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Jonas v. Gold

United States District Court, D. New Jersey

May 13, 2014



JOSEPH H. RODRIGUEZ, District Judge.

This matter comes before the Court on motion of Plaintiff Blacktail Mountain Ranch, LLC for an Order to Show Cause and For Temporary Restraints. See Docket Entry 65.

Plaintiff Edwin R. Jonas, III ("Jonas") is the managing member of the Plaintiff Blacktail Mountain Ranch. In 1990, Jonas and pro se Defendant Linda B. Jonas ("Linda") divorced. Since that time, there has been a significant amount of litigation. The relevant and very limited history for purposes of this application is as follows.

In May 2006, the New Jersey Superior Court entered a judgment against Jonas for unpaid child support, alimony, attorney's fees and other obligations. Linda moved to enforce the New Jersey Order in the Montana district court. In February, 2010, the Montana district court issued a writ of execution against Jonas in the amount of $1, 091, 391.21. The Montana district court also issued a charging order and an order for the appointment of a receiver, foreclosure of the lien, and for the dissolution of the Blacktail Mountain Ranch. The proceeds generated by dissolving the Ranch were ordered to be applied as satisfaction against the New Jersey judgment.

In plain terms, Jonas and Blacktail Mountain Ranch filed an action in this Court on May 3, 2013 against Linda and the attorney and law firms that have assisted her in obtaining the May 2006 judgment and then enforcing it in Montana. The Amended Complaint invokes both diversity and subject matter jurisdiction. Plaintiffs claim that the New Jersey Judgment was fraudulently obtained and that "the validity of the Montana judgment [ordering dissolution of Blacktail Mountain Ranch] is based on the assumption that certain judgments used in reaching that judgment were final judgments when in fact they were not final judgment[s] under New Jersey law." See Plaintiff's Brief in Support, 4. Plaintiffs allege that the finality of both the Montana Judgment and the New Jersey Judgment are issues in the present case. Id.

Plaintiff Blacktail Mountain Moves for and Order to Show Cause and for Temporary Restraints

"prohibiting Linda Jonas from taking any further action upon the New Jersey Judgment in the state of Montana or elsewhere and an order prohibiting the Montana State Judiciary, Defendant Linda B. Jonas' attorneys, Sullivan, Tabaracci and Rhoades P.C., Quentin M. Rhoades, Esq. Robert Erickson and Craig Mungas as an attorney and receiver, Steve STelling (sic) and Dawn Maddux from taking any further action in furtherance of the sale or other transfer of any property in which Plaintiffs BMR or Edwin Jonas now or ever has had any ownership interest, pending any further order of this Court."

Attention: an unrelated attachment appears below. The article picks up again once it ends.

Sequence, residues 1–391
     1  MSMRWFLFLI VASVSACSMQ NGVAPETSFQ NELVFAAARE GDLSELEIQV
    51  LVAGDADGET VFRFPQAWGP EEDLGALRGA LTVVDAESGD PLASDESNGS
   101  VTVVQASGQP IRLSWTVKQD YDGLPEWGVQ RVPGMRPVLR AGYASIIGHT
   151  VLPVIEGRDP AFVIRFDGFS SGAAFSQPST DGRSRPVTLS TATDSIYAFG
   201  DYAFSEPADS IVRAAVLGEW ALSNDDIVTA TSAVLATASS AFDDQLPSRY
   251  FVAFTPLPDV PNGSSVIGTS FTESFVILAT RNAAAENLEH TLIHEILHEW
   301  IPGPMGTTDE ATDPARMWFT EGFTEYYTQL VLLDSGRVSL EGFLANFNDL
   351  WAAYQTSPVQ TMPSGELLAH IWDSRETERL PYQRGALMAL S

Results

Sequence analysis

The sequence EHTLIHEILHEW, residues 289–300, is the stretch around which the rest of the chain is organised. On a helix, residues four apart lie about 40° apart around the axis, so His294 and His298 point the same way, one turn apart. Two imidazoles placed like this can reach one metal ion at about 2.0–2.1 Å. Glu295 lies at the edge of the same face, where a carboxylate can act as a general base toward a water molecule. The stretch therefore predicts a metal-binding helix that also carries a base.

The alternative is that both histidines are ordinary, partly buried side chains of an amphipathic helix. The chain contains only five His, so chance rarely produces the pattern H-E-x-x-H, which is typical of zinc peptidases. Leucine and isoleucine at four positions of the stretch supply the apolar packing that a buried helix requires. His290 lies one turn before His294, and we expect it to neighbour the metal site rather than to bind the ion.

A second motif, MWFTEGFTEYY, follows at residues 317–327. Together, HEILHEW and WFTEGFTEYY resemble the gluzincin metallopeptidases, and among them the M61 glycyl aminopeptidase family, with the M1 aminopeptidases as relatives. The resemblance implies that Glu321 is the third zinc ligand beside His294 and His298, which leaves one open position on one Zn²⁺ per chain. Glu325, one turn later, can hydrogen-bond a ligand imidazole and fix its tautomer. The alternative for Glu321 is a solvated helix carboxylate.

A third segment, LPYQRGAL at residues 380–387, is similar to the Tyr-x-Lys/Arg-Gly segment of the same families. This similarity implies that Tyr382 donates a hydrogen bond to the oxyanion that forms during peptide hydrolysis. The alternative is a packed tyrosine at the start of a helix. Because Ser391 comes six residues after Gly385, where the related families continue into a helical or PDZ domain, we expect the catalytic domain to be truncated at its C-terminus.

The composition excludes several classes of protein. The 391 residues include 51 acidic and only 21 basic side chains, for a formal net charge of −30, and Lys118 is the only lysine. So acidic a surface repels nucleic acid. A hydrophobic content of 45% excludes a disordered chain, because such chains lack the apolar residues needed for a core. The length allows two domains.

Plaintiff's Brief in Support, at 5.

Essentially, Plaintiff seeks to restrain the sale of Ranch property which the Montana district court ordered in February 2010. According to the Affidavit of Edwin R. Jonas, III, submitted in support of the TRO, the Montana Twelfth Judicial District Court, Lake County Vicinage entered an Order on April 21, 2014 directing the sale of all real property owned or titled in the names of Blacktail Mountain Ranch, LLC and/or Edwin R. Jonas, III. Jonas Aff., Ex. A. The Order further directs the receiver to sell any property as soon as he deems reasonably practicable. Id . As a result, Plaintiff claims that harm is imminent and no prejudice will result from imposing restraints on the sale.

A court should only grant the extraordinary relief of a temporary restraining order ("TRO") where the petitioner demonstrates that "(1) he is likely to succeed on the merits; (2) denial will result in irreparable harm; (3) granting the injunction will not result in irreparable harm to the defendants; and (4) granting the injunction is in the public interest." Maldonado v. Houston , 157 F.3d 179, 184 (3d Cir. 1998); see also Ballas v. Tedesco , 41 F.Supp.2d 531, 537 (D.N.J. 1999) (as to temporary restraining order). All four factors must be established to justify preliminary relief. Opticians Ass'n of America v. Independent Opticians of America , 920 F.2d 187 (3d Cir. 1990).

Blacktail Mountain Ranch's request for a TRO is denied. Blacktail Mountain Ranch has failed to demonstrate a sufficient likelihood of success on the merits. Plaintiffs face the difficult task of demonstrating that their claims are not barred by the Rooker-Feldman doctrine, res judicata, and collateral estoppel. See Jonas v. Jonas, No. CV 13-90, 2014 WL 978099, *5-6 (D. Mont. March 12, 2014) (dismissing case); Jonas v. Jonas, 2011 WL 6820244 (N.J.Super. A.D. Dec. 29, 2011); Jonas v. Jonas, 2008 WL 239069 (N.J.Super. A.D. Jan.30, 2008). Moreover, Plaintiffs fail to sufficiently demonstrate that the amended complaint is not barred by the domestic relations exception to federal diversity jurisdiction, 28 U.S.C. ยง 1332. See Matusow v. Trans-County Title Agency, LLC , 545 F.3d 241, 245 (3d Cir. 2008) (applying the exception where litigant seeks the "issuance or modification of a divorce decree.") Because the Court finds that the first factor is not satisfied, it need not address the remaining considerations.

Plaintiff Blacktail Mountain Ranch's application for an order to show cause and a TRO is denied. An ...

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